BPM is a too tight dress on SOA

In my previous posts I stressed the fact that BPM and SOA together brings many benefits in terms of business-IT alignment, agility, time-to-market and reuse of business capabilities.

BPM and SOA cooperate in a symbiotic way:

  • BPM design-time tools model the business process to implement
  • BPM run-time tools (engines) execute the process instances calling SOA services
  • SOA offers the “execution environment” for BPM engines

SOA services (together with user interaction forms in case of human workflow) are the building blocks for modeling and executing Business Processes.

With this approach you can change your processes just changing the graphical model.

Of course sometime you will need to develop extra SOA services. In other words you will need to expand your process execution environment. If no extra service is needed the time required for your change is minimal.

This is a perfect scenario. If every Business Process could be implemented this way the promised benefits would be easily achieved.

Unfortunately the world is more complex.

Let’s take an example from a Telco company. One of the typical processes for a Telco is the “Order-to-Delivery” one. When a new purchase order has been issued the company has to provision all the components related to that order.

You can model the O2D process using a BPMN or BPEL model. However the O2D process is strictly related to the purchased product and its components (ADSL line, cellular phone, modem, IP TV). You have two choices:

  1. Model a generic O2D process that fits every product.
  2. Model a very detailed process in which to specify every dependence among the components to provision (“B must be provisioned after A”) and the exceptions to handle. A complex model, “flow-chart like” is obtained.

In the former case the model is quite useless. Clearly the logic about the provisioning of a specific product is outside the BPM model.

In the latter case you get a complex and algorithmic model just less complex to maintain than a Java program. BPMN and BPEL reminds too much the procedural languages, it’s very easy to trespass the limit and use them as old fashioned flow-charts diagrams.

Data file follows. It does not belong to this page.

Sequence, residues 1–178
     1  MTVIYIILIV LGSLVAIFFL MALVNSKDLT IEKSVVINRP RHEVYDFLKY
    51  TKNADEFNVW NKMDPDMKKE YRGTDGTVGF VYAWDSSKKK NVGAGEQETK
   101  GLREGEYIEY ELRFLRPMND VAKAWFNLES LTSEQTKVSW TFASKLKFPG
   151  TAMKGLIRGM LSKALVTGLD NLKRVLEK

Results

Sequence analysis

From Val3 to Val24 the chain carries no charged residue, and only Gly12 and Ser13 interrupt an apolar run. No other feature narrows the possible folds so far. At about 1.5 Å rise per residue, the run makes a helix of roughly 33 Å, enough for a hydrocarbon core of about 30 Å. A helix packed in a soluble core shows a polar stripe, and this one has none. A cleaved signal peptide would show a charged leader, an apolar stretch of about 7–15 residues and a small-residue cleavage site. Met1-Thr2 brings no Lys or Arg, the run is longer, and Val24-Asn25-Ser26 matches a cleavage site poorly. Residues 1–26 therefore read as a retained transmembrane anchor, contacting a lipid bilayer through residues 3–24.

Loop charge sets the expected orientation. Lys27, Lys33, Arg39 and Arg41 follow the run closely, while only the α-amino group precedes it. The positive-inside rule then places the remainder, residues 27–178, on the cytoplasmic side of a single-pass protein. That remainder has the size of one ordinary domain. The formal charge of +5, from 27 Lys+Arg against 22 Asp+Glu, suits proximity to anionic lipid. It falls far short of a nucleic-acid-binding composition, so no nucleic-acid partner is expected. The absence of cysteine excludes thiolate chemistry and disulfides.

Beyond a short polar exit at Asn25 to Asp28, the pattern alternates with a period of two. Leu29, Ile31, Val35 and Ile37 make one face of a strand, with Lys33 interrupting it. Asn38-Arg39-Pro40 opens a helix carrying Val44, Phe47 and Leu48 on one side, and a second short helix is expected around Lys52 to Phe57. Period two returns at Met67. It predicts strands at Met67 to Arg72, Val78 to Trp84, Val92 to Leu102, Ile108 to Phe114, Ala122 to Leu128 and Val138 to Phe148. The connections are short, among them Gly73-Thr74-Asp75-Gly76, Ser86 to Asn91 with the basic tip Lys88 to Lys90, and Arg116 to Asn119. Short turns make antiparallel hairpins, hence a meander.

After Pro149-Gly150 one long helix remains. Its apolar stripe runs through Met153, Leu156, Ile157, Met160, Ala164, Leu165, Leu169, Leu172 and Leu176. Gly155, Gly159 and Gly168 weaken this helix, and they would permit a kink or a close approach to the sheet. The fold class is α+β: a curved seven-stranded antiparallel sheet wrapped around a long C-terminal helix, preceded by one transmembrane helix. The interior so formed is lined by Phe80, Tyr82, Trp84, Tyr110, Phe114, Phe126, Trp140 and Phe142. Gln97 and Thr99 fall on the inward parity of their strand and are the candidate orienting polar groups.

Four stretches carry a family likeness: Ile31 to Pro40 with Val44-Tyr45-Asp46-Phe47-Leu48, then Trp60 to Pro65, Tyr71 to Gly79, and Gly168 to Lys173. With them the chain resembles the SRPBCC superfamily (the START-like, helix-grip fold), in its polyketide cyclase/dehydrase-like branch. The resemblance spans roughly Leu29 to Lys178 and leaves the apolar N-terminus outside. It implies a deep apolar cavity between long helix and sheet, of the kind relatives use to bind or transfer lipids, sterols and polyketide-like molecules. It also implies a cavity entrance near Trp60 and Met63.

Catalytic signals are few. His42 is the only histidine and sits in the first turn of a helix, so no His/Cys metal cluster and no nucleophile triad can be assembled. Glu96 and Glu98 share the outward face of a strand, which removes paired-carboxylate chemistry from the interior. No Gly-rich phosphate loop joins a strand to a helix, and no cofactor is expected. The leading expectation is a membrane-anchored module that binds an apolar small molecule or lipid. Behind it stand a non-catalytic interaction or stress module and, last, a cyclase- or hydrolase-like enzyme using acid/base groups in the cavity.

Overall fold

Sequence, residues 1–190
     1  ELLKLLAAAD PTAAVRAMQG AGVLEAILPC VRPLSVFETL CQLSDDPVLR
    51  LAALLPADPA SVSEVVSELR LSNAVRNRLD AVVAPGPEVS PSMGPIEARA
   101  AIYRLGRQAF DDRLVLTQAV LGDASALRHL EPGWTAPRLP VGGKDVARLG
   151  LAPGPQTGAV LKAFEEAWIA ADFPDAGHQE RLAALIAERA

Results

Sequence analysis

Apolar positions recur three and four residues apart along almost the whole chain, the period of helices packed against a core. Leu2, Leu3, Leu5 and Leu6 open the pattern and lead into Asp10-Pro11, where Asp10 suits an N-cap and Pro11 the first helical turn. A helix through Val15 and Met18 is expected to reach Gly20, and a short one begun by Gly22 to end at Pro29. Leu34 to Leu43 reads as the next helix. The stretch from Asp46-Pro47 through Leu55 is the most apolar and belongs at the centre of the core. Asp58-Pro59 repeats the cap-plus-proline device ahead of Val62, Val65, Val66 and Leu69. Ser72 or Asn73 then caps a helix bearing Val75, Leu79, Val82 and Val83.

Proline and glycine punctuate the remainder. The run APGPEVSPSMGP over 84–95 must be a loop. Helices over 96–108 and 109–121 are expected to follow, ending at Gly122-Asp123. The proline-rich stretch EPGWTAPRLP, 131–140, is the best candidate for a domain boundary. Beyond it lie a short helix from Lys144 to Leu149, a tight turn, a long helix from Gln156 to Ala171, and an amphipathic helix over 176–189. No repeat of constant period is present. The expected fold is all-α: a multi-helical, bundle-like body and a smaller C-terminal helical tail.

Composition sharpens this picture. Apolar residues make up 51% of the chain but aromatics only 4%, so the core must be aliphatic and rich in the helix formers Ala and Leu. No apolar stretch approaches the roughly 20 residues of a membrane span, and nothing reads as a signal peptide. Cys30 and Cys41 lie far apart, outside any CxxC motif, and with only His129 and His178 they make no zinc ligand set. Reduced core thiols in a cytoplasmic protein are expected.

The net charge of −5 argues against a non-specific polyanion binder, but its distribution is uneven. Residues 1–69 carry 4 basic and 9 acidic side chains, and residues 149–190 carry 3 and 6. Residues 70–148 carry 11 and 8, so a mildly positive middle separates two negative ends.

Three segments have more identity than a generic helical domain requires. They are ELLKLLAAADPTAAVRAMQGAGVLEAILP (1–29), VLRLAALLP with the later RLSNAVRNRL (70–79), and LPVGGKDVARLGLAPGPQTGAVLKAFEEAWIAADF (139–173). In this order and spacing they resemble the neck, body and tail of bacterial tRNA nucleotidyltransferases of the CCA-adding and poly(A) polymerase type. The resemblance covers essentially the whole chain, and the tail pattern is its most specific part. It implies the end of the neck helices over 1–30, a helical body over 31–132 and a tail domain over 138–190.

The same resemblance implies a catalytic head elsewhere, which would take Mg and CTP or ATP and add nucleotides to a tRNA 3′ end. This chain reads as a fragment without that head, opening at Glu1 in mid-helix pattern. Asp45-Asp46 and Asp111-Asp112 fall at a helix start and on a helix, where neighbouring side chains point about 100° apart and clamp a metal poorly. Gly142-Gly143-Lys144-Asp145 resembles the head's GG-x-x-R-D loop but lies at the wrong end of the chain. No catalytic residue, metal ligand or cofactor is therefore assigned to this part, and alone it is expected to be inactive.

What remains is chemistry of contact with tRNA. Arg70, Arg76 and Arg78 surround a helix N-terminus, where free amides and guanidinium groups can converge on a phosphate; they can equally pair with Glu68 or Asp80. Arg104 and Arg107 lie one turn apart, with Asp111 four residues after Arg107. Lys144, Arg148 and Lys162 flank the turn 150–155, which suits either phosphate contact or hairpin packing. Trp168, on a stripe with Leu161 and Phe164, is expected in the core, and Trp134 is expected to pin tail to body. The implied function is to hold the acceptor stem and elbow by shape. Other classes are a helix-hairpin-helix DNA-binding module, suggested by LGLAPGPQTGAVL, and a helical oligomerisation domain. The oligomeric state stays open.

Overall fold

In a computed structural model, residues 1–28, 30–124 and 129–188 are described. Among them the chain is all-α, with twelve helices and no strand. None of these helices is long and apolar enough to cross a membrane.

If you modeled other aspects, like billing or pricing you could have the confirmation that BPMN and BPEL are not able to represent every aspect of a business process. They are languages specific for high level business processes and for simple orchestrations.

Let’s imagine to have different formalisms that help to model different aspects of a business domain.

For example the provisioning dependencies could be easily described in a non-procedural way using a Pert model.  Billing rules could be described with some hierarchical model derived from the product’s bill of material. Specific engines, similar to BPM engines shall be developed in order to interpret the run time instances derived from these non-BPM models. Of course the SOA environment is still valid also for these specialized engines.

I do not propose a classic Model Driven Architecture (MDA) approach since the MDA brings to the automatic generation of programming code while I think to a non-procedural graphic model directly interpreted by specialized SOA based engines. Model-Driven SOA is a better term.

I believe that this “Domain-Specific, Model-Driven, SOA-Based” (DOMOSO) approach is a pragmatic and promising solution in many scenarios. Particularly when business domains are stable in time and changes effects specific aspects of business processes only.


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